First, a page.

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Fiberglass Cloth - 6 Ounce Customer Questions and Answers

10 of 36 Questions

Question

Hello, I want to build subwoofer box for my car in a cheapest way. What kind of cloth and resin will you recommend? Thank you.

Asked on 04/23/2012 by James Carter

Top Answer

Thank you. I was looking at 6 oz cloth. Can I put 3 layers of cloth at the same time, one on top of next one?

Answered on 04/24/2012 by James Carter
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Use 10z style 7500 as it's an open weave and very conformable with a reasonable build up rate. Use any polyester resin from Jamestown.

Answered on 04/23/2012 by TED WARREN

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Fiberglass will be the box, b.c it's not enough space down there for MDF box. I hope 3 layers will be enough, then I put fatmat on the inside of the box.

Answered on 04/25/2012 by James Carter

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Thank you.

Answered on 04/24/2012 by James Carter

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i'd use the six ounce cloth, you don't need the thicker stuff. i use system 3 epoxy resin for my boat projects, but since you don't need extreme durability, you could use polyester resin, if you like. either should give you plenty of strength.

Answered on 04/24/2012 by DAVID WILSON

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I wish. I can't use any of the trunk space on my 2011 Suburban, b.c it's a working vehicle. The only option for me is a little compartment in the trunk, on the left hand side. I'm thinking to cut insides of this compartment out, make a mold of all space inside the wheel arch cover and put box there with 10" shallow mount sub. I will make a mold with foam spray, then trim the edges and make a box from fiberglass cloth end epoxy. Thats why I ask for advice I never build anything with fiberglass yet, but thanks anyway.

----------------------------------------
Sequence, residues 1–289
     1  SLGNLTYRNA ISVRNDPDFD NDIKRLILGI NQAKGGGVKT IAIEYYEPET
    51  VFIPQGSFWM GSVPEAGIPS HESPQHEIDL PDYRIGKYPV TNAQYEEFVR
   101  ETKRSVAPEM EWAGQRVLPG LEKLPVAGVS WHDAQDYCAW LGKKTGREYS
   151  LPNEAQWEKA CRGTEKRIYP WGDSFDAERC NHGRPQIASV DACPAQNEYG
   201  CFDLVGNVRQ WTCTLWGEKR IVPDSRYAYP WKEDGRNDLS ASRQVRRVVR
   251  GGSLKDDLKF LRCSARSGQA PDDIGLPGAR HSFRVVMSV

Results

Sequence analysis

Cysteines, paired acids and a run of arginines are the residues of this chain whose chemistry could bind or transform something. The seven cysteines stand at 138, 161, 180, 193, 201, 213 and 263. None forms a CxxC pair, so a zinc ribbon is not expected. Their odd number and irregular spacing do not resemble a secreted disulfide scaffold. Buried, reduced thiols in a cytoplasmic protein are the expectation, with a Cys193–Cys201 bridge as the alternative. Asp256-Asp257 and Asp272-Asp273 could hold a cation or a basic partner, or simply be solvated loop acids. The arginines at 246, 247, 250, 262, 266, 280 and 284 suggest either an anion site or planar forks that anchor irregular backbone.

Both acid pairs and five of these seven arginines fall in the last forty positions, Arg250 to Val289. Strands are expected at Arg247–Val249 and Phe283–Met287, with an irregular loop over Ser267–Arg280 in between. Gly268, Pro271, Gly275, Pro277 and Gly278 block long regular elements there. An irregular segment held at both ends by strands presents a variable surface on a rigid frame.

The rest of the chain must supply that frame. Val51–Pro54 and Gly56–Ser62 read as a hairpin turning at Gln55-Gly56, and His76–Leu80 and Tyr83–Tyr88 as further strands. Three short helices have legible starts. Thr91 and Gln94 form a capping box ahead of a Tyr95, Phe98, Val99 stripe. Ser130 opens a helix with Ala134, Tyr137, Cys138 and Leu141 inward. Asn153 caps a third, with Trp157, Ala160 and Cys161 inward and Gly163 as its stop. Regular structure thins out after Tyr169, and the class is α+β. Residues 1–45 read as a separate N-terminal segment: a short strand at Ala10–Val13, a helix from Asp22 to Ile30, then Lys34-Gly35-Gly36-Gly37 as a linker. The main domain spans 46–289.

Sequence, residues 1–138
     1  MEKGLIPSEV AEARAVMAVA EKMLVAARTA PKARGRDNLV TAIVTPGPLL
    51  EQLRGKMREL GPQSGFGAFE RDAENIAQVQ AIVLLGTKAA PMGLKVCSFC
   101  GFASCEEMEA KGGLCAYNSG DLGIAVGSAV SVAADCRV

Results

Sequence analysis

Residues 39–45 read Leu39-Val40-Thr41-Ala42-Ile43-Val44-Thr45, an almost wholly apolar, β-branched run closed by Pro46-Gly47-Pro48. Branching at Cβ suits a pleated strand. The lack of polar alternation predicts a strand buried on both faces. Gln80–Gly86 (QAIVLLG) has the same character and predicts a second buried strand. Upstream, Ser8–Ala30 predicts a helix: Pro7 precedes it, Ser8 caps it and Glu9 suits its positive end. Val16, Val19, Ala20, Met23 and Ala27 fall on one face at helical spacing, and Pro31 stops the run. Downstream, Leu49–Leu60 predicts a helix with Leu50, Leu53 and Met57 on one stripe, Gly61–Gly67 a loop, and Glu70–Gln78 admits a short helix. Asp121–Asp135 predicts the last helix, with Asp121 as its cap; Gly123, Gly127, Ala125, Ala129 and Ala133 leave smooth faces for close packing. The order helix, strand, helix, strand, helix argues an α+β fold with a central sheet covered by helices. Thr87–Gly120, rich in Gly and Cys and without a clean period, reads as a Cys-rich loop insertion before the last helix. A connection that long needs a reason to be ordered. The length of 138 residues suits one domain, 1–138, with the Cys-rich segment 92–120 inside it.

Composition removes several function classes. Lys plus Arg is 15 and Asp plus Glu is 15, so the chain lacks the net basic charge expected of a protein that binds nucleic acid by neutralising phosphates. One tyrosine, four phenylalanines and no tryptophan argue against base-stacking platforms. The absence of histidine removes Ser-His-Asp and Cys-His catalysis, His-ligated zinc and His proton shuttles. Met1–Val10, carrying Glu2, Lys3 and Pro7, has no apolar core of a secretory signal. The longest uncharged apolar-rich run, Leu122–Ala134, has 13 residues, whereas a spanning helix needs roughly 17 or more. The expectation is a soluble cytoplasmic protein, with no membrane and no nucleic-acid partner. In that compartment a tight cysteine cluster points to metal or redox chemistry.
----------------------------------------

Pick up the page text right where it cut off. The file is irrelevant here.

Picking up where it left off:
Answered on 04/24/2012 by James Carter

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I suggest you use Chipboard or MDF.

Answered on 04/23/2012 by GUY JOHNSON

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No problems, thanks.

Answered on 04/24/2012 by James Carter

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Can not anser this, sorry.

Answered on 04/23/2012 by MARK GINSBERG

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i WOULD USE the fibreglass cloth only as a reiforcer to the base material of your speaker box.

Answered on 04/25/2012 by RICHARD SIMONDS
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Question

I am trying to build a light weight teardrop camper and am thinking about using fiberglass for the sides and top.The fiberglass would be layed up on a 1 inch by 3/4 inch wooden frame. How many layers of cloth would be needed for strength and should the cloth be layed up with each layer at a 45 degree angle?

Asked on 03/01/2012 by Gary Sublette

Top Answer

Thanks for your reply, I was thinking about using polyester resin. Do you think epoxy resin would be better than polyester resin? I have only used polyester resin while building model airplanes and seems to work well on a small scale.

Answered on 03/03/2012 by Gary Sublette
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Yes, I really do think epoxy resin is better. You really should do a test of both resins and see which you like. Perhaps 3 X 6" X 6" patches. That would show you a lot. Don

Answered on 03/21/2012 by DONALD SPINELLI

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Gary, I am not an expert. Just a hobbyist tinkering with boat building for 40 years (can't believe it's been that long) but I would think 3 layers of 6 oz. cloth would be sufficient. It all depends on how much strength you are looking for. If your design has a fair amount of curves to it, instead of flat panels (a teardrop shape should be excellent), that will add to the strength. Laying up at 45 degrees is a good idea but I think it will add little strength. Easier to do would be adding a 4th or 5th layer of cloth , if needed. I assume you will be saturating the cloth with epoxy. Once that epoxy is set the direction of the cloth will not matter that much. A word of advise if you are using epoxy and plan to store this outside. Epoxy does a good job of degrading in sunlight over time. So when you're done be sure to give it a good coat of UV protection. Any paint will give this to you. Good luck. Should be a nice project.

Answered on 03/02/2012 by DONALD SPINELLI

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I am ordering 6 oz. fiberglass 50in x 10yds. Will this pack be shipped in a roll?

Answered on 03/20/2012 by Ray Mitchell

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Thanks for your reply. I was thinking of using polyester resin instead of epoxy. Do you think epoxy is better. I have used polyester before and it worked well and is less expensive.